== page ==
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Kodak's New CEO To Push Company Into Multimedia Era

GEORGE Fisher, who takes over as chairman, president, and chief executive officer of Eastman Kodak Company on Dec. 1, is moving from the front office of one of the most successful companies in North America - Motorola Inc. - to a venerable but troubled corporation.

Yet, if Mr. Fisher's managerial stint at Kodak is as successful as it was at Motorola, he will quickly rise from the status of a corporate ``star'' to a corporate ``superstar,'' says R. Jackson Blackstock, a financial analyst with First Boston Corporation.

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Under Fisher, the entire corporate culture of Kodak - including the company's traditional emphasis on film paper and chemical photography - is expected to be gradually reoriented in new directions. This is likely to include participation in the multimedia revolution that blends information, images, and electronics, says Gary Arlen, president of Arlen Communications Inc., a research firm in Bethesda, Md.

For all its financial and corporate problems, Kodak remains one of the best-known companies and brand names in the world, Mr. Arlen says. ``Yellow boxes of film will be with us all for many years to come,'' he says.

But the world is ``gradually'' entering an era of multimedia technologies, Arlen says. Fisher - who once worked for AT&T Bell Laboratories, has a masters degree in engineering, and a doctorate in applied mathematics - sees the ``enormous potential for a company like Kodak'' to become part of the coming multimedia, high-technology world.

WALL Street was clearly stunned by Fisher's decision to take over leadership of the Rochester, NY-based company. An admirer of the type of precision craftsmanship that has made so many Japanese companies successful, Fisher is widely considered to be one of the most innovative corporate executives in the United States. Since he became CEO of Motorola in 1988 and chairman in 1990, the company has become the dominant manufacturer of cellular telephones and paging equipment, and a major player in semiconductor/communications technologies. Motorola, under Fisher, was one of the first winners of the prestigious Baldrige Award for quality.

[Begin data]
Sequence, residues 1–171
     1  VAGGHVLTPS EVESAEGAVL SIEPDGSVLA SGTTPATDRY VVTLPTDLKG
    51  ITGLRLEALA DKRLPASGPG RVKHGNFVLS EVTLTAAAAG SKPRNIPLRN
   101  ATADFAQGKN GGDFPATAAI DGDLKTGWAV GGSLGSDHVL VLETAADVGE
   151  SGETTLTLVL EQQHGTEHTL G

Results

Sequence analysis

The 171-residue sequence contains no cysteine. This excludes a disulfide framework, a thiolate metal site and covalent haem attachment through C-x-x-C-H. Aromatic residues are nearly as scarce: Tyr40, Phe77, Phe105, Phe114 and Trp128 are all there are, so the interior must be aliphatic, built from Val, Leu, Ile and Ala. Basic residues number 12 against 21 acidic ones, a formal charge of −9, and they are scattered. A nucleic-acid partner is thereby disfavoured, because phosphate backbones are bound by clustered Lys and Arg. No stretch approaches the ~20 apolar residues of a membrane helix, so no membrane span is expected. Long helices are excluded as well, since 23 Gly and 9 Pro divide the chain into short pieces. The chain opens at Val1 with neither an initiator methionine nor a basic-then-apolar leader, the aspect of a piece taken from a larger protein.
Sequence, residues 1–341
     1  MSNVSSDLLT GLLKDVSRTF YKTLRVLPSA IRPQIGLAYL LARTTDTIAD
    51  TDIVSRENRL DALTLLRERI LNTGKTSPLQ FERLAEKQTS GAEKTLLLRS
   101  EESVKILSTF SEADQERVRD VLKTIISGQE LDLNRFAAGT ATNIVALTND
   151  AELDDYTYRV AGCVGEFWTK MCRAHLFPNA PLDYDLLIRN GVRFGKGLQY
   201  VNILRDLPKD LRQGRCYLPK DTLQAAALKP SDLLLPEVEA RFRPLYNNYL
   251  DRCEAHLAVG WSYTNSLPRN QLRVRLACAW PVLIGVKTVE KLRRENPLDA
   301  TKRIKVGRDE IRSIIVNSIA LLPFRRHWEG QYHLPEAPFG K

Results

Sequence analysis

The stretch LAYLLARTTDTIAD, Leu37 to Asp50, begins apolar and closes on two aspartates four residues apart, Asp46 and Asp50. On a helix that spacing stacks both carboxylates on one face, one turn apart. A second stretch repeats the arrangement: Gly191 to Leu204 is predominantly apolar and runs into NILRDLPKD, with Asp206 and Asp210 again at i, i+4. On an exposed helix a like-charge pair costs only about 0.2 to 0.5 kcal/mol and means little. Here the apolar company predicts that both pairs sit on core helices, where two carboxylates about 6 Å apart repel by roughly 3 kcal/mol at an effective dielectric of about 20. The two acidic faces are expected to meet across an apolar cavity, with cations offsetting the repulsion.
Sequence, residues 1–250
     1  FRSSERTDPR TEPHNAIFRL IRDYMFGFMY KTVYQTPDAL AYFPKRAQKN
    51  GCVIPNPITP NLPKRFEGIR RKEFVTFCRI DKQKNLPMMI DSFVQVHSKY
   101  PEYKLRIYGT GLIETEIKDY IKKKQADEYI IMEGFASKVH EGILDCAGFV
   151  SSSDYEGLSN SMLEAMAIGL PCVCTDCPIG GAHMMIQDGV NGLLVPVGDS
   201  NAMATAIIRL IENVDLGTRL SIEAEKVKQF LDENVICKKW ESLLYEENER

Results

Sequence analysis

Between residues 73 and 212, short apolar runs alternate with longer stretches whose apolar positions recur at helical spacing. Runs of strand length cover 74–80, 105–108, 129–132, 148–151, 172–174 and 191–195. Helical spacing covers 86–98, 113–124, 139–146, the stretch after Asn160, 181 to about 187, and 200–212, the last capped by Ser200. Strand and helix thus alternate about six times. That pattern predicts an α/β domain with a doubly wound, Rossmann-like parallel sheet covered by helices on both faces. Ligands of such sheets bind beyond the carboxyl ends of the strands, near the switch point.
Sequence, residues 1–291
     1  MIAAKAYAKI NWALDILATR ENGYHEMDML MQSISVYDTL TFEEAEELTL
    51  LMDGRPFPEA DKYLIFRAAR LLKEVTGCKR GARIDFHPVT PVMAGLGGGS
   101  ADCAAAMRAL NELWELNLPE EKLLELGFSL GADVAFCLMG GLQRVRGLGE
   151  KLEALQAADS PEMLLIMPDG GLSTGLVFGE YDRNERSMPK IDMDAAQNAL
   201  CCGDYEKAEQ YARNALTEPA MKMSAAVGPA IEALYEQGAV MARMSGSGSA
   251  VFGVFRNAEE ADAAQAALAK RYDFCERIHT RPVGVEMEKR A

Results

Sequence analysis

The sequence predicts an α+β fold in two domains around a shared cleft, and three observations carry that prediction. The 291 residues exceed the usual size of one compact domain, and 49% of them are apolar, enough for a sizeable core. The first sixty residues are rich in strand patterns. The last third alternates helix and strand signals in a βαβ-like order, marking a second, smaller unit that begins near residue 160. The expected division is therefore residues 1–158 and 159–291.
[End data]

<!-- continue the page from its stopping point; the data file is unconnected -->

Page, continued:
Known as nonconfrontational and reflective, Fisher will have his work cut out for him; Kodak's corporate climate is considered inbred, patrician, and plodding.

In a press conference last week, Fisher said his first priority would be to put Kodak's ``financial house in order.'' He plans to cut about 10,000 workers out of a global payroll of 130,000.

Fisher's initial remarks about Kodak have been ``somewhat disconcerting,'' says B. Alex Henderson, a financial analyst with Prudential Securities Inc. ``Fisher is keeping a low profile on cost-cutting,'' when Kodak needs a ``much larger'' reduction in the work force, Mr. Henderson says. ``Fisher also indicated that he's going to challenge Fuji [Photo Film Company],'' a Japanese firm that is Kodak's major global competitor. ``But you don't just challenge a firm like Fuji without expecting major retaliation of some type.'' Moreover, Henderson believes that Fisher will find it difficult to walk away from Kodak's core business of chemical film and move into the multimedia revolution.

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Fisher replaces Kay Whitmore, who was ousted by Kodak's board in August, following sluggish financial gains.

Mr. Whitmore was reluctant to prod Kodak into making the deep reductions in employment sought by Wall Street, or moving more rapidly into the multimedia revolution. Kodak's venture into Photo CD, which turns photographs into a digital form, has faltered. Kodak has also watched its consumer market slip away to Fuji and discount companies, who sell film more cheaply.

What pulled Fisher away from a successful company like Motorola to Kodak was probably the challenge, Mr. Blackstock says. At Kodak, Fisher will be able to not only ``fix up'' a company, but ``build it'' into something new: taking one of America's oldest corporate institutions into the electronic future.

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